14. Europe and the UK are much less bigoted against atheists than the US.
    ▬▬▬▬▬▬▬▬▬▬
    David Miliband: Future Atheist Prime Minister? – http://atheism.about.com/b/200

    Leonard James Callaghan, Baron Callaghan of Cardiff, KG, PC (27 March 1912 – 26 March 2005), was a British Labour politician who was Prime Minister of the United Kingdom (1976–79)
    Although there is much doubt about how much belief Callaghan retained into adult life, the Baptist nonconformist ethic was a profound influence throughout all of his public and private life. In the mid-1980s Callaghan told an interviewer that he was an atheist. – http://en.wikipedia.org/wiki/J

     [Atheist] Nick Clegg became Deputy Prime Minister following the 2010 general election, when the Liberal Democrats formed a coalition government with the Conservative Party, led by Prime Minister David Cameron. – http://www.celebatheists.com/w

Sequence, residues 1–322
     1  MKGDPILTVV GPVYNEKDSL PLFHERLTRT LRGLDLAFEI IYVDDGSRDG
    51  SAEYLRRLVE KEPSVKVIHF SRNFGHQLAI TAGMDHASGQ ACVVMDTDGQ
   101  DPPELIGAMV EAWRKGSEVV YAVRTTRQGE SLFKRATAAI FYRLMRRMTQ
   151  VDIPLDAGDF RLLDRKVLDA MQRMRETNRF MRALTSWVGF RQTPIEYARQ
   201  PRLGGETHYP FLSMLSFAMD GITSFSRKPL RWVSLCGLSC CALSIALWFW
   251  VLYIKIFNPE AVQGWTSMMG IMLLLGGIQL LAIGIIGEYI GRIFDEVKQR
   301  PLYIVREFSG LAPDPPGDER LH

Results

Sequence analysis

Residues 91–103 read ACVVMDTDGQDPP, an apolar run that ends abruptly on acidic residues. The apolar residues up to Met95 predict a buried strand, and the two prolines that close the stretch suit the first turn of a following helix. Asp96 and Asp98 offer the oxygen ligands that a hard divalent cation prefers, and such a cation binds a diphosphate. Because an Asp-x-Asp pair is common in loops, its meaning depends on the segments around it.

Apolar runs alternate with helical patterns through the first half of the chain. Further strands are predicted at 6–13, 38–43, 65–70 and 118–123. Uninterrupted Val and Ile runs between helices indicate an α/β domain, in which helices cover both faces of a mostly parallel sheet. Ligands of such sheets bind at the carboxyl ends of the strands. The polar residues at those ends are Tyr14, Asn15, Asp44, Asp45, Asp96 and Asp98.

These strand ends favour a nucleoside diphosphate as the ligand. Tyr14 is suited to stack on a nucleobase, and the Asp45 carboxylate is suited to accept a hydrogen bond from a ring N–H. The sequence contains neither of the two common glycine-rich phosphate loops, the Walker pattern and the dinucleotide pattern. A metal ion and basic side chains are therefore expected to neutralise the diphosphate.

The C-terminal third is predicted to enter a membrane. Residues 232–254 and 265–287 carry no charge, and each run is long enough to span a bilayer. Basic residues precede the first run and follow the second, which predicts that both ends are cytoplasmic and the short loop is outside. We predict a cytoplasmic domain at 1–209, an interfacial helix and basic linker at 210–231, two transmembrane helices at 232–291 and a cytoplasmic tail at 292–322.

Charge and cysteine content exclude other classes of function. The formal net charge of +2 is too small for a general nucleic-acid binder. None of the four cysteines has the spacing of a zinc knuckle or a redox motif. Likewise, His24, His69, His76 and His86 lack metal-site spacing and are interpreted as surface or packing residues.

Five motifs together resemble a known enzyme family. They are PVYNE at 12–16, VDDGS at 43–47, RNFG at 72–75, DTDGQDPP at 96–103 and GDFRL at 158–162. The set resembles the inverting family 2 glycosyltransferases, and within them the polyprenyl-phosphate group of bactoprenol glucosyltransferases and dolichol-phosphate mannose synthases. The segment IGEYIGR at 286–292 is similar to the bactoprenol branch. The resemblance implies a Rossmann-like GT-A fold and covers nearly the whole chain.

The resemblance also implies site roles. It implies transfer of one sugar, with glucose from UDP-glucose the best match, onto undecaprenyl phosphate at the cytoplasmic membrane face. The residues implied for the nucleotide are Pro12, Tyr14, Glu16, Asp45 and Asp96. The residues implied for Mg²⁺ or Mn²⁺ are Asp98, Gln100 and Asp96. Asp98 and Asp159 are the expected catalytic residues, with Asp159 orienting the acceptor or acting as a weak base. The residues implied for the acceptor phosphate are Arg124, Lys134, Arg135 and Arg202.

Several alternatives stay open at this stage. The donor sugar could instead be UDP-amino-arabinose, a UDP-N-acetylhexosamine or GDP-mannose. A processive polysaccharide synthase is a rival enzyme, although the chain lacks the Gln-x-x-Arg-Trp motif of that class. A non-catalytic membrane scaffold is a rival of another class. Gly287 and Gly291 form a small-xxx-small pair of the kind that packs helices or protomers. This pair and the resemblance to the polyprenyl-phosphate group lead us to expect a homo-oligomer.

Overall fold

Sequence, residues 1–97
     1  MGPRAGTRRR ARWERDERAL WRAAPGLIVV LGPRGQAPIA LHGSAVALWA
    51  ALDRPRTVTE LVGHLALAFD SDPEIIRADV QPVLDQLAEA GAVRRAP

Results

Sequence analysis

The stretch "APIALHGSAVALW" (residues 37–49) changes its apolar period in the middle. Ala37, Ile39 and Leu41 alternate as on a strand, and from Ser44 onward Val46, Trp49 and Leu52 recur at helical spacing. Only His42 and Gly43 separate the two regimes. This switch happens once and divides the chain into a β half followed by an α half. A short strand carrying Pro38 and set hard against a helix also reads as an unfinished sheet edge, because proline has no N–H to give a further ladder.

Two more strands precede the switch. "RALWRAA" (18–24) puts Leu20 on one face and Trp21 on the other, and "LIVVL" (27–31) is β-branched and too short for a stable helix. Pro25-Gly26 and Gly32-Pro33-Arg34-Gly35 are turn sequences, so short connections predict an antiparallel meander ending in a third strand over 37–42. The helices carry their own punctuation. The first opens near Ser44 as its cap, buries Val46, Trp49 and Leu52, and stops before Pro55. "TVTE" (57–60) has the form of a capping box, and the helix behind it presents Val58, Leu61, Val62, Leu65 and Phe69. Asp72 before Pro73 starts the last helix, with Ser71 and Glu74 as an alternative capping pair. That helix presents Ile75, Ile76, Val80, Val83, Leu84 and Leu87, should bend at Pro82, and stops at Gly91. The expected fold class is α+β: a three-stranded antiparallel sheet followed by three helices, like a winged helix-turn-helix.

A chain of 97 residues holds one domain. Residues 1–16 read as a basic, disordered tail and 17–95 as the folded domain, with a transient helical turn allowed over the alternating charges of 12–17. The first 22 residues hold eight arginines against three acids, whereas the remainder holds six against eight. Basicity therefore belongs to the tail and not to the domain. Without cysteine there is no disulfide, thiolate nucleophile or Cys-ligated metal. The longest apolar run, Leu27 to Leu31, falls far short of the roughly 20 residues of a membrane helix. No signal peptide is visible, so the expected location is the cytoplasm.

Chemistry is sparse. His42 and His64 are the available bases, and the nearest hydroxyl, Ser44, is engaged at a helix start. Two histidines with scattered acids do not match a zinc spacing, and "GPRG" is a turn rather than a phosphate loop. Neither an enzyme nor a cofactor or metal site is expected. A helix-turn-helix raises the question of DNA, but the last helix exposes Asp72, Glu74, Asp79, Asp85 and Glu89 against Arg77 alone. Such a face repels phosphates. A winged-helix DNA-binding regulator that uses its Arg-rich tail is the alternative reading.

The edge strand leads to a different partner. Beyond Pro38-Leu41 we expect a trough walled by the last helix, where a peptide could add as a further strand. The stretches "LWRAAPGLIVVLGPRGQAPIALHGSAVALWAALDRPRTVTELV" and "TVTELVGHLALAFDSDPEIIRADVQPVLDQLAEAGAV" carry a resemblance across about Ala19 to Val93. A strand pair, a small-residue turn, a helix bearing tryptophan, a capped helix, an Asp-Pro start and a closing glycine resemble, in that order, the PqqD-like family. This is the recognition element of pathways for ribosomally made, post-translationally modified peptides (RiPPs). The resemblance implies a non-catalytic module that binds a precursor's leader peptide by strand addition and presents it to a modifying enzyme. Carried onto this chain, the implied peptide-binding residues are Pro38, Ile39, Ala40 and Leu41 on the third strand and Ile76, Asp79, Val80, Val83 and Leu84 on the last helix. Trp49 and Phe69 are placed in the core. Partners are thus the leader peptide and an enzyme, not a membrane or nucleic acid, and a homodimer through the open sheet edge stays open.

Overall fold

Ed Miliband: I don’t believe in God – Ed Miliband is a British politician. He has been the leader of the UK Labour Party and leader of the opposition since 25 September 2010 -http://www.celebatheists.com/w… 

    So the present leaders of two of the three major UK political parties are atheists.

  15. “This negative reaction to atheists while not unique to the U.S. seems stronger than in most other developed countries. That begs the question “What do you dislike about atheists ?” Anyone know of a survey that addressed this ?” wrote rod-the-farmer.

    Here’s a book for you instead of a survey. The roots of this reaction are illuminated in Richard Hofstadter’s Anti-Intellectualism in American Life, published 50 years ago but still scarily relevant: